Thousands of jellyfish have washed up on the French coast after sea temperatures climbed four degrees in a month. Holidaymakers and beachgoers along the Bay of Biscay on the western coastline of France have been left too frightened to get in the water following the mass arrival of the stinging sea creatures. Experts have described the situation as “unprecedented” despite the run-up to summer being typical of an increased number of jellyfish.
The jellyfish have washed up along the shore from the French city of Nantes down past Bordeaux.
While their presence is not surprising in this month of May, it is their number that is unprecedented. “I’ve been here 20 years and I’ve never seen so many jellyfish”, a resident of Chatelaillon-Plage, a small town just south of La Rochelle said.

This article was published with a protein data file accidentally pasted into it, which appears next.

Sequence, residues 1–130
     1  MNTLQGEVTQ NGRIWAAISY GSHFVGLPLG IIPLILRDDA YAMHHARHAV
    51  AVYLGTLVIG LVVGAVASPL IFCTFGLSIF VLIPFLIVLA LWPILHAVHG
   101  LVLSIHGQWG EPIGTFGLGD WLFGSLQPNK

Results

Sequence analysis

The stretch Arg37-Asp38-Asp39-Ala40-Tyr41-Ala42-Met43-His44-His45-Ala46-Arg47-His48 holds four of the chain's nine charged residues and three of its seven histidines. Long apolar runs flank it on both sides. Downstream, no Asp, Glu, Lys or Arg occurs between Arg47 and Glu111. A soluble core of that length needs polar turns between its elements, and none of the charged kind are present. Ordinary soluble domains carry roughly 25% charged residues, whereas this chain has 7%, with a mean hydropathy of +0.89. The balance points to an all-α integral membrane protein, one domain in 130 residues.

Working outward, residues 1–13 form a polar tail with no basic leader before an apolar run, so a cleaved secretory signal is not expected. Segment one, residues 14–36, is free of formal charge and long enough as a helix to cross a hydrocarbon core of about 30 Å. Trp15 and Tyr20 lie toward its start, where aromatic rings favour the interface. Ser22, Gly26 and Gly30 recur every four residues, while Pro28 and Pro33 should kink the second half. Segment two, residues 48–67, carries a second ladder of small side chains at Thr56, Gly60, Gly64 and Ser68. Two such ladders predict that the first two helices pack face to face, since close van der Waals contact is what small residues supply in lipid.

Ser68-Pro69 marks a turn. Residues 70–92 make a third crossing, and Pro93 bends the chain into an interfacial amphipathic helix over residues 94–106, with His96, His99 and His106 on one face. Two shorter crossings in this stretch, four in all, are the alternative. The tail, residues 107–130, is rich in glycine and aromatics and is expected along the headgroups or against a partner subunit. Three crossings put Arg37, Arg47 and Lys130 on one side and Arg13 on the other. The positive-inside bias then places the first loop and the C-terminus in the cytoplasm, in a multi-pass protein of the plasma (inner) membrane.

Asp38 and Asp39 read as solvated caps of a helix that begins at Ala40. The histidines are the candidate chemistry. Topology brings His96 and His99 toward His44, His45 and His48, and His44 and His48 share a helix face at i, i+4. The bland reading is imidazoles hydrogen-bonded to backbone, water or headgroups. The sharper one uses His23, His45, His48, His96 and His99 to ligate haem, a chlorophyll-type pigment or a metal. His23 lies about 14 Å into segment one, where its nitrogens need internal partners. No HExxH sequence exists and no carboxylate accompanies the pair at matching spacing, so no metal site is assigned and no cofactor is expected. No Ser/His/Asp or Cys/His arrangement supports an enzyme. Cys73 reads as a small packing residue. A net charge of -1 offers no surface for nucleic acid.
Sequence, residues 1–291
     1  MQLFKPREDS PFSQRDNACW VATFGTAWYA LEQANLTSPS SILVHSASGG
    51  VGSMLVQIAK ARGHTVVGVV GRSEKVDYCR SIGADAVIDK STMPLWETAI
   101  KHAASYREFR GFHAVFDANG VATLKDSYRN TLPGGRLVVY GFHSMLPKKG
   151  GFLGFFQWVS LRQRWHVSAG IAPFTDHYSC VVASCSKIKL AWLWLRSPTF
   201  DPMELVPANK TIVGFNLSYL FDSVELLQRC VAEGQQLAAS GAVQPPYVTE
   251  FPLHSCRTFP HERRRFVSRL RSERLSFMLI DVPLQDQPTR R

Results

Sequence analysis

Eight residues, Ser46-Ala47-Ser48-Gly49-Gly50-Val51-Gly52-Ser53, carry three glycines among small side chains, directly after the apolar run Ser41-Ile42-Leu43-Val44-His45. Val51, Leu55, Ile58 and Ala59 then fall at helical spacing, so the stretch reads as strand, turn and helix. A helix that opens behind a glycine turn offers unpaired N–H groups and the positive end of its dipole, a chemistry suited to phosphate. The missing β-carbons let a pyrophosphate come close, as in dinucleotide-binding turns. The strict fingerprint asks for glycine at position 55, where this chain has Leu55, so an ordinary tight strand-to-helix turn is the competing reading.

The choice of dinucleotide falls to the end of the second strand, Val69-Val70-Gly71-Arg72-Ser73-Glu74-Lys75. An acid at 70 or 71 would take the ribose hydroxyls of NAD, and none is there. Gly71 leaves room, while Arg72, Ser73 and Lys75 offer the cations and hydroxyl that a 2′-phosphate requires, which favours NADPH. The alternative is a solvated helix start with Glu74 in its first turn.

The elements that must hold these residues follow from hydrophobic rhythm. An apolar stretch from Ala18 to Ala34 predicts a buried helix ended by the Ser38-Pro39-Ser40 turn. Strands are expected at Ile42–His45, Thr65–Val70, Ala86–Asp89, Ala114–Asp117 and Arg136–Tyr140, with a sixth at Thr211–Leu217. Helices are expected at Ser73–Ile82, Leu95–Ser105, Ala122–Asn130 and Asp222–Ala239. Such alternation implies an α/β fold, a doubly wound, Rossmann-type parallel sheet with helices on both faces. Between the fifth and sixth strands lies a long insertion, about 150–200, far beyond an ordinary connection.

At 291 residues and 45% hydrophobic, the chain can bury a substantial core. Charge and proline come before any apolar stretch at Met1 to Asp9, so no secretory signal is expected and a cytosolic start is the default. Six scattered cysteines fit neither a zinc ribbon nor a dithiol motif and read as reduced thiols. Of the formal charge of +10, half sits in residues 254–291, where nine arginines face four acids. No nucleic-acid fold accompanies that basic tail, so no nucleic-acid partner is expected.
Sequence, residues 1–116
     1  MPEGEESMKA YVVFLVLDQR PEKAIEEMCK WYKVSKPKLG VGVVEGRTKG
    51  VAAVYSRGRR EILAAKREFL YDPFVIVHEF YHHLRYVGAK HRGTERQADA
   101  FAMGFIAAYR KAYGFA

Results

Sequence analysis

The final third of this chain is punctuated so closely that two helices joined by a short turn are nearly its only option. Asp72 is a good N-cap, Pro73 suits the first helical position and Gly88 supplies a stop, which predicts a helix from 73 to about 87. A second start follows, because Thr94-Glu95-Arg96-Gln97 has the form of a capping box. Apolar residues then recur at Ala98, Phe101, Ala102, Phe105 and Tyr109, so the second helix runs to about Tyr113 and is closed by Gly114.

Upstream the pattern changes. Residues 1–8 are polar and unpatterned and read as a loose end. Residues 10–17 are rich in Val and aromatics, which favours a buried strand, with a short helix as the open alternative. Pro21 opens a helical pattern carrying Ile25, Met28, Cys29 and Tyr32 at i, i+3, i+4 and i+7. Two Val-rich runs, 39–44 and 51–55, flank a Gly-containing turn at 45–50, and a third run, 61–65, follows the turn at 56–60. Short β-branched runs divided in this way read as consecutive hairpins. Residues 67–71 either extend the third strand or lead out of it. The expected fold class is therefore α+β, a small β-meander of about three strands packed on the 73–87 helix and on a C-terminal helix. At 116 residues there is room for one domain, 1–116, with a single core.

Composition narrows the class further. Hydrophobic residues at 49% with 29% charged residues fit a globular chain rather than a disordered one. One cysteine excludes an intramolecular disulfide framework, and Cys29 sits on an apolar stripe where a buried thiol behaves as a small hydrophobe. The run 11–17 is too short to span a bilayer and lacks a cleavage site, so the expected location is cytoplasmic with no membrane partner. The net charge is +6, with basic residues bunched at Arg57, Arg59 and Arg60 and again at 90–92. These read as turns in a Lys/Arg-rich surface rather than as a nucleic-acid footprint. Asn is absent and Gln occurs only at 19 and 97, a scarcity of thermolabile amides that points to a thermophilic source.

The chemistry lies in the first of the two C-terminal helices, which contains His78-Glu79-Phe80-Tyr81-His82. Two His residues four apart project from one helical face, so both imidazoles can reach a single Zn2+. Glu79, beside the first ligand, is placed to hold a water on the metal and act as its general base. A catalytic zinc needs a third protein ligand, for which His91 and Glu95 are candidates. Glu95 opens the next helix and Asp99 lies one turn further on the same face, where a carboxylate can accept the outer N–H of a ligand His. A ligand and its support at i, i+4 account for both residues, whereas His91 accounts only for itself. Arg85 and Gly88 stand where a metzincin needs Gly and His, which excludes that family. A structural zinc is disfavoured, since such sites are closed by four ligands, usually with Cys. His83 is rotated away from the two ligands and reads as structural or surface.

In Saint-Pierre-d’Oleron, next to Chatelaillon-Plage, residents reported an 83 per cent increase between May 23 and May 30 in the jellyfish population.
A little further south, at Saint-Palais-sur-Mer, jellyfish gradually colonised the resort’s beaches from May 24, with a new peak recorded on Tuesday.
There were also “several hundred” in the Arcachon basin from Friday, May 26, according to France 3.
Jean-François Pepin, a marine biologist at the French Research Institute for Exploitation of the Sea (Ifremer), said the arrival of the jellyfish had been caused by wind and rising sea temperatures.
He said: “The gusts of wind create surface currents that carry the jellyfish right up to the beach.”
He added: “In two weeks, the water temperature has risen from 12 degrees to 16 degrees. This favours the proliferation of jellyfish, which are carried along by the warm currents.”
Additional reporting by Maria Ortega.